From vision to operation
Effective planning at the various levels of a health system is essential for ensuring alignment between people’s needs and expectations, and overall national priorities. National policies, strategies and plans must, therefore, be linked to strategic and operational plans at sub-national and local levels.
The purpose of strategic national health planning is different from that of health planning at the local level. National strategic plans describe how national health policies are translated into broad national activities and targets, within ‘on-budget’ and ‘off-budget’ resource envelopes.
Health planning at the local level describes how all available resources are best used to operate the local health system. These resources may be through central government (for the health sector and for other sectors), or through contributions, in kind and/or cash, by civil society organizations (CSOs), non-governmental organizations (NGOs), and not-for profit and for-profit private sectors.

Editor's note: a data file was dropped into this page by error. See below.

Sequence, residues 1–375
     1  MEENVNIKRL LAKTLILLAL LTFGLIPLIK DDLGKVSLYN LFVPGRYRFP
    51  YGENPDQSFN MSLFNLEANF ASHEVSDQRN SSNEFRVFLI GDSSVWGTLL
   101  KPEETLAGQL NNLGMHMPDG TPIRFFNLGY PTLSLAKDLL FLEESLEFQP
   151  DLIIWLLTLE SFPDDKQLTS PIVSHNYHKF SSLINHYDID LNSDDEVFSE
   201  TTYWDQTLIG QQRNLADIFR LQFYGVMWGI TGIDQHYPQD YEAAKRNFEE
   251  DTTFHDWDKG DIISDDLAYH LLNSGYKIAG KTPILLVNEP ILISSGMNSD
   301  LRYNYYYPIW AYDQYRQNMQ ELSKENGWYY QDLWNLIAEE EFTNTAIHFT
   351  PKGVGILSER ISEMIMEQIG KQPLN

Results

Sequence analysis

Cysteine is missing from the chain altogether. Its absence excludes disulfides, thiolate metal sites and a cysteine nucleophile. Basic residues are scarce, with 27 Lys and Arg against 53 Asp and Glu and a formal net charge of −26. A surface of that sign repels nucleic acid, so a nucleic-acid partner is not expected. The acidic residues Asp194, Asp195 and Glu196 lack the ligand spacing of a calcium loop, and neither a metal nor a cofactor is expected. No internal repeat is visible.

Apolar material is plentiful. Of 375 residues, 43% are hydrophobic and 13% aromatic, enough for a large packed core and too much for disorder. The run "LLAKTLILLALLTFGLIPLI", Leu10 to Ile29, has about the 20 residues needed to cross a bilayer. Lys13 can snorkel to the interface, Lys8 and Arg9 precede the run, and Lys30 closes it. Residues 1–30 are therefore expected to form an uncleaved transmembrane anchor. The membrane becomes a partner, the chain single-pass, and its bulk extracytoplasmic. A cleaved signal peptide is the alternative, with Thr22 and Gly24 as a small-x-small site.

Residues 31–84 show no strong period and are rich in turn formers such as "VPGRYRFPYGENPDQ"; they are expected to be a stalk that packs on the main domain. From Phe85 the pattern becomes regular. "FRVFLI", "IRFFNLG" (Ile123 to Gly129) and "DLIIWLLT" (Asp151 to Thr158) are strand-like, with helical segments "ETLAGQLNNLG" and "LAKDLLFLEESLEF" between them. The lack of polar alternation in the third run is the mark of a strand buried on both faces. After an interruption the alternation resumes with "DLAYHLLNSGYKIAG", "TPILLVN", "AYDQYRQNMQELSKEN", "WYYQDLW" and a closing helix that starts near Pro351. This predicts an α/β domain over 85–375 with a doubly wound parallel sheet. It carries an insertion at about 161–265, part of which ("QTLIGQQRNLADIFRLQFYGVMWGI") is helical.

The extent of the linkage depends on the level of detail in the national strategic plan and the degree of decentralized autonomy at other levels. Broad national health strategies and goals need to be ‘translated’ by local health authorities into appropriate approaches and feasible operational health plans and targets, based on local circumstances. Similarly, national strategies should be constantly ‘fed’ by situation analyses and strategy development carried out at the various sub-national levels of the health system.